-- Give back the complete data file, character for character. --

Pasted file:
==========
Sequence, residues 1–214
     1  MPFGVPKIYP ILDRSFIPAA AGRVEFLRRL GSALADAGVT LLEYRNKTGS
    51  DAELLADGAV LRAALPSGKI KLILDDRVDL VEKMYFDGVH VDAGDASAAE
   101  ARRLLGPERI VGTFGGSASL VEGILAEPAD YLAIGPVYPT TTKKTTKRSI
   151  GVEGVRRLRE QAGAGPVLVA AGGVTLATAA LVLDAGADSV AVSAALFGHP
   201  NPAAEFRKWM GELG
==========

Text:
Sequence, residues 1–214
     1  MPFGVPKIYP ILDRSFIPAA AGRVEFLRRL GSALADAGVT LLEYRNKTGS
    51  DAELLADGAV LRAALPSGKI KLILDDRVDL VEKMYFDGVH VDAGDASAAE
   101  ARRLLGPERI VGTFGGSASL VEGILAEPAD YLAIGPVYPT TTKKTTKRSI
   151  GVEGVRRLRE QAGAGPVLVA AGGVTLATAA LVLDAGADSV AVSAALFGHP
   201  NPAAEFRKWM GELG